According to Williamson (Section 5), Sovereign transactions are those that are considered essential functions of the State as the embodiment of public authority. These functions are typically administered by the executive branch, and include activities such as national defense, managing the money supply, and foreign affairs. Sovereign transactions have three hazards associated with them: asset specificity, probity and cost excesses. Asset specificity refers to the idea that the skills and equipment necessary for carrying out these transactions are highly specialized and not very portable. To remedy this, an organization often emphasizes retaining and socializing staff. Probity refers to the integrity, cohesiveness and responsiveness of the organization that is necessary to carry out sovereign transactions. Probity has three elements to it: vertical (relationship between organization and executive), horizontal (relationship with counterparts) and internal (relations within the organization). Finally, cost excesses refer to the ability of the organization to carry out the transaction at the lowest cost. In the context of his chosen example, foreign affairs, he claims that probity is highly important (strong need to be responsive to the president and act with integrity), asset specificity is moderately important (Foreign Service officers have specialized training and only some ability to transfer skills) and cost excesses are relatively minor. He claims that public agencies are well suited to addressing sovereign transaction hazards because they employ low-powered incentives that do not encourage unwanted creativity, and enhanced job security that helps retain employees. He then goes on to describe how the actual U.S. State Department demonstrates these characteristics as further proof that they are positive adaptations and not merely signs of inefficiency.

In Section 6, Williamson conducts a thought experiment by asking the question: could foreign affairs be privatized or partially privatized? He contends that a contract for managing foreign affairs would be highly incomplete because there are so many contingencies to plan for. This would impose high transaction costs if the contract had to be continually renegotiated and provide less responsiveness to the President. High powered incentives and concern for the bottom line, which are the cornerstones of efficient private sector performance, are at odds with the tow-the-line atmosphere desired in foreign affairs. The incentives might also affect executive appointment, staff retention and administrative controls in ways considered adverse to the mission of a foreign affairs organization. Overall, Williamson finds that it is impossible for a purely private firm to copy the positive aspects of public agencies without sacrificing the profit incentive that is by definition a part of private firms. He also considers the case of a regulated private firm and concludes that the same trade-offs are operating here too but to a lesser extent. A regulated firm that gives the President more control over executive appointments, provides increased job security and otherwise follows regulations designed to introduce positive aspects of bureaucracy, will also put an extra layer between the President and the firm, and introduce inefficiency since the firm has less flexibility. Table 2 on page 336 provides an overview of the trade-offs.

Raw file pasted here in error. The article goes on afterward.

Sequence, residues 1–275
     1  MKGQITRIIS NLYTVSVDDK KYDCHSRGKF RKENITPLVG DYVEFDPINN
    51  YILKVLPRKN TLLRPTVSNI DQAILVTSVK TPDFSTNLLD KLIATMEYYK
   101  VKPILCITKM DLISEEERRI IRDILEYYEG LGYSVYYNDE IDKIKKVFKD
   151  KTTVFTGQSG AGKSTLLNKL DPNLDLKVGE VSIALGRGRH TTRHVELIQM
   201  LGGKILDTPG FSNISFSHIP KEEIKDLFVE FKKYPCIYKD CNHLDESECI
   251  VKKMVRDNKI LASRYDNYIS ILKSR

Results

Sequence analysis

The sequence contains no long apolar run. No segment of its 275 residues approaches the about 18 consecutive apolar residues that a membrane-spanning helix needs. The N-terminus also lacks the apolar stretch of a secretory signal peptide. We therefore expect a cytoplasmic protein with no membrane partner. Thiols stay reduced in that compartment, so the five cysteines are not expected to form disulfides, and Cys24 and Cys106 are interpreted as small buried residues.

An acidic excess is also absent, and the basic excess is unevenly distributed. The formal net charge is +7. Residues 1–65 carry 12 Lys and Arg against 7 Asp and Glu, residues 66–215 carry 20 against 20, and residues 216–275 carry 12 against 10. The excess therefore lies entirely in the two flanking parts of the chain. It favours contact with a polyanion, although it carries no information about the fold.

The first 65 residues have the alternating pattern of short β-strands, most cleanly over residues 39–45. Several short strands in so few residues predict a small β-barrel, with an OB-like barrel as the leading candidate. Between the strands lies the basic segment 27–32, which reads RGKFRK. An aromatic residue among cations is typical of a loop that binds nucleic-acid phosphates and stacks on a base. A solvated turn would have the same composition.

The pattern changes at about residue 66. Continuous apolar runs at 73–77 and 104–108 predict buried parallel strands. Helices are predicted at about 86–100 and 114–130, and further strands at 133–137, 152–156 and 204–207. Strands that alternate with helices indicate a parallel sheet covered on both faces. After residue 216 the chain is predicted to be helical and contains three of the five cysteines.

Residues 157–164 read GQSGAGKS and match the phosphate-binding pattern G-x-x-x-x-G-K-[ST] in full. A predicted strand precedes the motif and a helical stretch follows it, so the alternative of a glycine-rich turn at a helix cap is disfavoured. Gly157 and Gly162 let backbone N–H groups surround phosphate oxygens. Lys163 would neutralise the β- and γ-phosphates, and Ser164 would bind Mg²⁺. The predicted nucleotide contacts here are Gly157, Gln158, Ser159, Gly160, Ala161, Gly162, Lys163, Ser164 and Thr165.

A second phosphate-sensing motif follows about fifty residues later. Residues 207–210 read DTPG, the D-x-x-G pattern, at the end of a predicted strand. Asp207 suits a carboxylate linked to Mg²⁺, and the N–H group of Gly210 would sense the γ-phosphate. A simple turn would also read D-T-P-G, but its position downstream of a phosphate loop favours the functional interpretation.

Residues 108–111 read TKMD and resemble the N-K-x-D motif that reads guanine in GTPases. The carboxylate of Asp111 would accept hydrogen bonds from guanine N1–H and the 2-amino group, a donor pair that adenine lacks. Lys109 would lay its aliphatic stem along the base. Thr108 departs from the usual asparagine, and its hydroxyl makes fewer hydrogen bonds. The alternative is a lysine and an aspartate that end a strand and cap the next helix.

Sections 7 and 8 provide further discussion of his results and extends his analysis to other transaction types in Table 3 (page 339). Overall he finds that public agencies have a comparative advantage when it comes to sovereign transactions and potentially others.